Trump clearly misunderstands DACA

Shirah Lister

It’s been months since Trump announced that he would end Deferred Action for Childhood Arrivals (DACA), yet his tweets show that he is still misinformed about the program. DACA doesn’t accept applicants who haven’t been living in the U.S. since 2007, so why does Trump keep claiming that people are entering the U.S. for it? Probably because he, like many other Americans, does not grasp what DACA actually entails.

“Border Patrol Agents are not allowed to properly do their job at the Border because of ridiculous liberal (Democrat) laws like Catch & Release. Getting more dangerous. ‘Caravans’ coming. Republicans must go to Nuclear Option to pass tough laws NOW. NO MORE DACA DEAL!” Trump tweeted at 9:56 a.m. on April 1.

Once again, Trump’s Twitter rants have confused us all. He referenced a Fox News segment about 1,000 Central Americans who are heading, as a group, to the U.S. border. These Central Americans are seeking asylum from gang violence and poverty in their native countries. They have crossed immigration checkpoints, military bases, and police in their journey to the United States.

The caravan is organized by Pueblos Sin Fronteras, commonly known as “People Without Borders.” It is used to help migrants come to America, free from violence they may face traveling alone. Some members plan to request asylum or cross undetected, while others want to reunite with family already in the United States.

This group does not qualify for DACA protections.

So let’s recap. What is DACA? DACA is an immigration policy that allows people who come to the U.S. illegally to receive a two-year (renewable) period during which they become eligible for a work permit. DACA, unlike the DREAM Act, does not provide a way to gain citizenship and the program stopped accepting new applications in September. To qualify for DACA, Dreamers must have been in the U.S. since before 2007 and have been 15 years old or younger when they came. As it is no longer 2007, it’s safe to say that they aren’t here for DACA. Trump must not have realized this because he’s still on Twitter saying more people are coming for DACA.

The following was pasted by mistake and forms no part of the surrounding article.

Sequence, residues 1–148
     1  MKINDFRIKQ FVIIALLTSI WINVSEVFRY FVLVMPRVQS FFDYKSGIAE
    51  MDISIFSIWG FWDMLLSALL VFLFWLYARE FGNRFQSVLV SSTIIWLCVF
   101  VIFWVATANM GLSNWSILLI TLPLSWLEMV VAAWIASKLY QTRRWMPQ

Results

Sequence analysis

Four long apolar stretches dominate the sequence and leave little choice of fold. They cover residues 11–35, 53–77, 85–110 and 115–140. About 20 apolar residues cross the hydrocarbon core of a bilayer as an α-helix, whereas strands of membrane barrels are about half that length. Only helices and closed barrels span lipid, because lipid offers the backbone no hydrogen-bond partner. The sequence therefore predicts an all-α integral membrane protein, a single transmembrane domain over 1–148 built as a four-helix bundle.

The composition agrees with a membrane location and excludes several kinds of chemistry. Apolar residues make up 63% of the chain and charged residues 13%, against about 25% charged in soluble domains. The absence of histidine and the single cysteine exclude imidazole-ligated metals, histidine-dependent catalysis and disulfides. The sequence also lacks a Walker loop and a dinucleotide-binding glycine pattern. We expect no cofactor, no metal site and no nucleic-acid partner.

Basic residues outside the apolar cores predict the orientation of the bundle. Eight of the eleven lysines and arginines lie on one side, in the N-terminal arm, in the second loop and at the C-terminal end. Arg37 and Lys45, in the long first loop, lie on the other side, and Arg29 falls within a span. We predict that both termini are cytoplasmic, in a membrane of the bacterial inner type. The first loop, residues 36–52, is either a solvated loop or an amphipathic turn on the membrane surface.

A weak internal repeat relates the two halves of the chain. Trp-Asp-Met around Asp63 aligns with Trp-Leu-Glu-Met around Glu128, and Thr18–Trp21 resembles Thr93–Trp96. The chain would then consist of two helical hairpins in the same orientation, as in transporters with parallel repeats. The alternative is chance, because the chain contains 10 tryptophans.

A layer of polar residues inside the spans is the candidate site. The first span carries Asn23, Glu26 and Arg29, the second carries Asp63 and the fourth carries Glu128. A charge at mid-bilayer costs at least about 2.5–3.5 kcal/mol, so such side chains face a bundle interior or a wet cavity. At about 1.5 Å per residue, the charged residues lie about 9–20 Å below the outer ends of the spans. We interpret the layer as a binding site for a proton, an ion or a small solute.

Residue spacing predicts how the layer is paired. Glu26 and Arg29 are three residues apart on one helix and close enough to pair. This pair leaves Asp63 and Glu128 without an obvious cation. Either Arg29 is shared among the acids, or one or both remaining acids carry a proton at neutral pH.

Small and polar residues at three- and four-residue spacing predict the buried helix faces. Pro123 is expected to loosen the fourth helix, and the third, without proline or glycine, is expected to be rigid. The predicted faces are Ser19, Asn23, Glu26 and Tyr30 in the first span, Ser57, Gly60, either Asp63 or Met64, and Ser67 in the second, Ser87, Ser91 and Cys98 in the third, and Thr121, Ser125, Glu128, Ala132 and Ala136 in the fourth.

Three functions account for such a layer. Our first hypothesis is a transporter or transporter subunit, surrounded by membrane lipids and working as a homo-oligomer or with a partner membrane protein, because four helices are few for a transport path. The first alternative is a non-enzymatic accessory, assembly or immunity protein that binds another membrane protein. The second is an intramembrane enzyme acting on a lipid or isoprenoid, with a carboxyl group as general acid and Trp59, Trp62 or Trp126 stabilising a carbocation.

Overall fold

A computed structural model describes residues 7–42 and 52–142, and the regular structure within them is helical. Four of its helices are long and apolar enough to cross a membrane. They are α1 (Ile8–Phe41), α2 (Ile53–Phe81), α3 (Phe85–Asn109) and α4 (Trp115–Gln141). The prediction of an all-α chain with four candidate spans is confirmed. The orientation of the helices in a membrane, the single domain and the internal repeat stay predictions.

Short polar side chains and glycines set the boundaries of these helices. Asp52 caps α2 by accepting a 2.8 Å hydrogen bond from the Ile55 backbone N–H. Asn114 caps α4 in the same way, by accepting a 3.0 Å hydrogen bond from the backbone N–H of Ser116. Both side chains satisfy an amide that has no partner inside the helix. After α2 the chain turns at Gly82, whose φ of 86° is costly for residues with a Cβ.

But, to get people on his side, Trump has to do what many politicians do: lie. Trump is once again warping the truth to propel his party’s agenda. If the president of this country fails to understand, or at least acts as if he does not understand, an incredibly prominent policy, how can the rest of the government, let alone the citizens of the nation, be expected to be knowledgeable on the subject? A politician’s responsibility should be to educate and regulate policy, not belittle.

Trump’s inaccurate framing of immigrants is not the only thing impacting the nation’s view on immigration. The language used by media, politicians, in daily life also negatively influences that perception, specifically the term “alien.”  Though the denotation of “alien” does refer to a foreigner, common usage carries an acutely negative connotation. Painting immigrants as “aliens” only further separates them from the American norm and forces them to bear acts of hatred. Stigmatizing immigrants increases people’s fear of them. Using rare cases of immigrants committing crimes makes it seem as though they are worsening this country.

If there’s any possibility of changing the way the public views immigration, we need to be conscious of what we do, what we say, and what we absorb. Though seemingly small inaccuracies in speech and media may seem inconsequential, they still accumulate over time and solidify our notions of what immigration is. In terms of solving the bigger problem, it is paramount to consider the role of smaller actions as well.